Friday, July 01, 2005 

O Canada!

Today is July 1st and I should have had the day off, gone to the beach and then down to the Halifax waterfront to watch the fireworks. But none of that happened because Greeks don't celebrate Canada Day. Maybe I should have thought out this whole moving-to-another country idea more carefully. But what's done is done. So now, all I can do is blog Canada Day instead of actually celebrating it.

When I woke up this morning, I was actually a little homesick. That doesn't happen very often but today being Canada Day, I spent most of my day thinking about what it means to be Canadian. Apparently, a lot of Canadians have pondered this question and give up after 5 minutes. I used to do the same thing but not anymore. Now, I know what being Canadian means. It's not the Maple Leaf on the tail of an Air Canada plane. It's not the Canadian flag flying over our embassy. It's not Molson's on tap at your favourite pub. Those are just symbols of our country. I never knew what it was to be Canadian until I left Canada. Living outside the country for the past 7 years has given me some insight which always eluded me while living in my insulated Canadian world and I will now share some of them with you.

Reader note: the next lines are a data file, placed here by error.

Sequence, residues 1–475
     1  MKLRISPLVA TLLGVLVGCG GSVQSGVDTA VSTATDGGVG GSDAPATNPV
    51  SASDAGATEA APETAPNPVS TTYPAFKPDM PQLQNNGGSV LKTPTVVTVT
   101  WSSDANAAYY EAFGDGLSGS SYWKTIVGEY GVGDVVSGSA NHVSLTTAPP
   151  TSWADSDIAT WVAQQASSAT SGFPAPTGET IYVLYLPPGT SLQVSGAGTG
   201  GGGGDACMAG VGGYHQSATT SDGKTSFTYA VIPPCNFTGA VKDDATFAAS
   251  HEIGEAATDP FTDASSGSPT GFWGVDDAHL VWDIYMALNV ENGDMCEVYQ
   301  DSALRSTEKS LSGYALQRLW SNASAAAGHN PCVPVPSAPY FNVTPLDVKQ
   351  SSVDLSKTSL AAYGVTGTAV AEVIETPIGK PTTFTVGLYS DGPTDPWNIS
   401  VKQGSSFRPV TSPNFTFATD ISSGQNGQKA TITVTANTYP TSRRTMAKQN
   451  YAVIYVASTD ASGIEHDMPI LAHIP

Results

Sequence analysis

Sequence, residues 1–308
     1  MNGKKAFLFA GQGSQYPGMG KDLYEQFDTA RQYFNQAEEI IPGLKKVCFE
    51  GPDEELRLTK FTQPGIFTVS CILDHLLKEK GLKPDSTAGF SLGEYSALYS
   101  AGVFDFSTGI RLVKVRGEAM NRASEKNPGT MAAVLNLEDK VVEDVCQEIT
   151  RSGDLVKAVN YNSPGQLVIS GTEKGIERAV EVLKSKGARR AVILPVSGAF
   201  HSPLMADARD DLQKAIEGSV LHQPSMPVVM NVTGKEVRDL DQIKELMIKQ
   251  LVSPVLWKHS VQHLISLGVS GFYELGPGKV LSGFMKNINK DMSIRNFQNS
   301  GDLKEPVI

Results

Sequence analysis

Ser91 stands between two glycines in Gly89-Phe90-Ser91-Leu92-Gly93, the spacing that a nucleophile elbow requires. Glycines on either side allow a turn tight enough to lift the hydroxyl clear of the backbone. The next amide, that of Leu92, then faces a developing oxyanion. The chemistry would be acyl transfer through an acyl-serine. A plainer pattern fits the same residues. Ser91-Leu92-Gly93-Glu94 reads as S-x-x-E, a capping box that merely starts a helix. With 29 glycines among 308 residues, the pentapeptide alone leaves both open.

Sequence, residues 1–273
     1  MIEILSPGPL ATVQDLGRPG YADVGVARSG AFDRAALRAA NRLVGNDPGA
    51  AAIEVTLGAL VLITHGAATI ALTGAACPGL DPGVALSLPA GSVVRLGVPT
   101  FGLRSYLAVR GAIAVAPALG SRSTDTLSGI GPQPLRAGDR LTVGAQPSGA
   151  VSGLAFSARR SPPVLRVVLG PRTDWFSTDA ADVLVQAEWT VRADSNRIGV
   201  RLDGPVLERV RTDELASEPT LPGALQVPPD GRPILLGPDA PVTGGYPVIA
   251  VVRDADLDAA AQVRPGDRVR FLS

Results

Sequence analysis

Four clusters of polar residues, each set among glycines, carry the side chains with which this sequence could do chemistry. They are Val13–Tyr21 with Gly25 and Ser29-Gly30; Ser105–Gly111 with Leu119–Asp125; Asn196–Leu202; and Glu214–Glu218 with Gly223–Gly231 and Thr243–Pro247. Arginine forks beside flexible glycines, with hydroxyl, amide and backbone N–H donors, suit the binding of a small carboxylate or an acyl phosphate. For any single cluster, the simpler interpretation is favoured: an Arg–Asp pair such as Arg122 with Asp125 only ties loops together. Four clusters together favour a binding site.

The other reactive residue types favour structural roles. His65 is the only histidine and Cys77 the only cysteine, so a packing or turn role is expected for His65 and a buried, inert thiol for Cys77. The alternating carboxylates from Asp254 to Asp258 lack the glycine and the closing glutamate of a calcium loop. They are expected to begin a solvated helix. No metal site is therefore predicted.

Enjoying clean air, green grass and blue water. Living in smog-filled Athens, I long for the days that I could wake up in the morning, take a deep breath full of truly fresh, clean air and not need half a litre of caffeine to kick start my brain or a Clarityn to open up my nasal passages in order to take a breath of hazy smog.